Back To Course

High School Precalculus: Tutoring Solution32 chapters | 265 lessons

Are you a student or a teacher?

Try Study.com, risk-free

As a member, you'll also get unlimited access to over 75,000 lessons in math, English, science, history, and more. Plus, get practice tests, quizzes, and personalized coaching to help you succeed.

Try it risk-freeWhat teachers are saying about Study.com

Already registered? Log in here for access

Your next lesson will play in
10 seconds

Lesson Transcript

Instructor:
*David Liano*

After completing this lesson, you will know how to write a set using words and using mathematical symbols. You will also know how to define sets and how to interpret sets that are displayed in set notation.

A **set** is simply a collection of items called elements, or members of the set. Each element is distinguishable from the other elements. Examples of sets are probably the best way to illustrate what a set is.

A set could be the countries of Europe. France would be an element of this set. The country of Argentina would not be an element of this set because it is located in South America. The city of Rome would not be an element of this set because it is a city in Europe, not a country in Europe. In the context of mathematics, a set could be all the integers greater than 10 and less than 20. The numbers 12 and 17 would be elements of this set, while the numbers 20 and 35 would not be elements of this set.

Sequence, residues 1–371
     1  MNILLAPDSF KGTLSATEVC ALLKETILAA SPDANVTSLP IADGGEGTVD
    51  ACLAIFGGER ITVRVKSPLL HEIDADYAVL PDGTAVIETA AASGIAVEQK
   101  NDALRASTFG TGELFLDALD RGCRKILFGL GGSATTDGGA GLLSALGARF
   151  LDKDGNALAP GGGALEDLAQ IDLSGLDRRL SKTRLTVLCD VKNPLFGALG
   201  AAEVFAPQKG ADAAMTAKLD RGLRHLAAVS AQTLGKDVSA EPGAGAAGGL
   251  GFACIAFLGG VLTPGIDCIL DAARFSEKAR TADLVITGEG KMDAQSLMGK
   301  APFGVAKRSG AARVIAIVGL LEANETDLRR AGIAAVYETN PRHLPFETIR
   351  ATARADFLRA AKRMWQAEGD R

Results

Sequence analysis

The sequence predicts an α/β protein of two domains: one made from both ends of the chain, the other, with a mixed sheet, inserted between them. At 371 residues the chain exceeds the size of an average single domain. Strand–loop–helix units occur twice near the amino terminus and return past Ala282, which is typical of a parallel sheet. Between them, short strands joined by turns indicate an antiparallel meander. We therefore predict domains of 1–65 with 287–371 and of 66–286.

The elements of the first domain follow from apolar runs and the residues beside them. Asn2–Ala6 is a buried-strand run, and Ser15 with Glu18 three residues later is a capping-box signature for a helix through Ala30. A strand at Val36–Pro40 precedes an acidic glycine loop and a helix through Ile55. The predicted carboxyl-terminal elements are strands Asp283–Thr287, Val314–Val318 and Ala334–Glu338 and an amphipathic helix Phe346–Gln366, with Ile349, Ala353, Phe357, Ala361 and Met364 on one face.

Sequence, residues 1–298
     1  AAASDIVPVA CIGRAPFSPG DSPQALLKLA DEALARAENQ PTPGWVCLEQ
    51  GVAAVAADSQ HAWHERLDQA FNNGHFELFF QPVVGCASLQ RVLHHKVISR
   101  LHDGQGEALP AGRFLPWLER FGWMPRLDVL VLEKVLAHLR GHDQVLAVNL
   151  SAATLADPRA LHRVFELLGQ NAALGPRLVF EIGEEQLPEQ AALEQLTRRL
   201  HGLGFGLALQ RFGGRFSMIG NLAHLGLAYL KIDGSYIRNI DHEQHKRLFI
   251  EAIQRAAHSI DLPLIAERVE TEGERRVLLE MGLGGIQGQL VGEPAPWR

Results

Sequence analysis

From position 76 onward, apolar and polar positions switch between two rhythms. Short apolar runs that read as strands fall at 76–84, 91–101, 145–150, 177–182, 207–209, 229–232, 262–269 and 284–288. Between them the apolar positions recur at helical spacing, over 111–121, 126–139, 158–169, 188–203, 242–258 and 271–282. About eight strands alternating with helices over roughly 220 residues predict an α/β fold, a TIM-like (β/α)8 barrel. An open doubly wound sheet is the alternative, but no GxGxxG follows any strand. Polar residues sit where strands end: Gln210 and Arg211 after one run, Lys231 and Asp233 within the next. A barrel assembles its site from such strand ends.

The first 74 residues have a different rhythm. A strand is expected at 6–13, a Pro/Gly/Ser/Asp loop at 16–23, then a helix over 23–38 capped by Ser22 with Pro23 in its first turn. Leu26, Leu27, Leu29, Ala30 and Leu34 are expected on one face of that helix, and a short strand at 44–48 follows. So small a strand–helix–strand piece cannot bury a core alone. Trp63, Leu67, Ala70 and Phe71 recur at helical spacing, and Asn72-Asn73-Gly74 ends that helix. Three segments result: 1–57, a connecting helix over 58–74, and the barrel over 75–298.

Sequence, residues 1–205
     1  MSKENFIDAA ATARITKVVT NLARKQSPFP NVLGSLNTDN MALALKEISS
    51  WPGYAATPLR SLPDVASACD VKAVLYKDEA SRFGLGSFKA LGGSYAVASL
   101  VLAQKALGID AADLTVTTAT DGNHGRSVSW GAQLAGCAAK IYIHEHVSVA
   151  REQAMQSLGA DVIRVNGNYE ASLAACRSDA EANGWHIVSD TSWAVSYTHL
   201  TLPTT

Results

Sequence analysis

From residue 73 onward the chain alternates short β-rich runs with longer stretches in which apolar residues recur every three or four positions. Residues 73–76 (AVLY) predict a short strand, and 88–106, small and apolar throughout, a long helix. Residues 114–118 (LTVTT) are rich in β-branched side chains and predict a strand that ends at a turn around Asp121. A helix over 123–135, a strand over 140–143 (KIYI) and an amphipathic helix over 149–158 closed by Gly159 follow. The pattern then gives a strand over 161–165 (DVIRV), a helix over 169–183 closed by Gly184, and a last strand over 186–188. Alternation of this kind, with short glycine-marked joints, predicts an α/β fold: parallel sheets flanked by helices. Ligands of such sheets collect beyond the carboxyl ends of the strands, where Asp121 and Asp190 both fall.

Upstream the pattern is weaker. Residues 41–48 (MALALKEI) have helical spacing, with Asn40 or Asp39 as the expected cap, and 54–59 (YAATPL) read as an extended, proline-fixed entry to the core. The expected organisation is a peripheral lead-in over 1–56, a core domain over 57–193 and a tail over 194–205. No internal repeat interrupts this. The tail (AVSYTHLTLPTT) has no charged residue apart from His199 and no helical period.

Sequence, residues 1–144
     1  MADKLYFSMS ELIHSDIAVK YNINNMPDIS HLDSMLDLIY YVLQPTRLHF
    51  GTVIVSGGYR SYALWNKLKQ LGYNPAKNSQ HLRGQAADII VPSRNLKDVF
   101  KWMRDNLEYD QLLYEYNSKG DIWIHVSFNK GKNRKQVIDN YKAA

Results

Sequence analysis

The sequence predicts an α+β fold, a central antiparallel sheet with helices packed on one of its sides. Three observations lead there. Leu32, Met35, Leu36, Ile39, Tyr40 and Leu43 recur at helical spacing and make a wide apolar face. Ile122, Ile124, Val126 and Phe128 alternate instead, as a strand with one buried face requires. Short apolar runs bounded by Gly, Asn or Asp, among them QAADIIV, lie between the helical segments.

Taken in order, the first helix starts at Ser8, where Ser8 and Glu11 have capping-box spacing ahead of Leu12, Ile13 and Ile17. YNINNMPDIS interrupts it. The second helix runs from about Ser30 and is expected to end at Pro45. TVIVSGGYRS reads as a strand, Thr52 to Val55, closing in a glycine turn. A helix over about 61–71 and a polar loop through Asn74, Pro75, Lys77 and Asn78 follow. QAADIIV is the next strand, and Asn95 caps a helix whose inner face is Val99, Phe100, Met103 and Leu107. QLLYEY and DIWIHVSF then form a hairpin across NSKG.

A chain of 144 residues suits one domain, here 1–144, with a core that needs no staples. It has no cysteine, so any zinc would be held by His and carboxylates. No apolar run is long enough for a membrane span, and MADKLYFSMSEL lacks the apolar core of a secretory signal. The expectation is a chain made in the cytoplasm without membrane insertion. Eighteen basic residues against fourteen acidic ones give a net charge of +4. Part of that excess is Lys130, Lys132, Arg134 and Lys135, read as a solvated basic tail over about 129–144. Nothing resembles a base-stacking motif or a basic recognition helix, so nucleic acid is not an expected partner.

We can make any type of set we want. For instance, we could combine the sets above into one set. The elements in a set do not need to have any relationship except that they are elements of the same set. For instance, Babe Ruth and the number 1,000,000 could be in the same set. However, there is usually some connection between the elements of a set to make the set practical and useful.

Braces {} are usually used when writing down a set. It is often common to use capital letters to name a set. Let's say set A has the elements of 3, 5, and 7. We would write is as follows: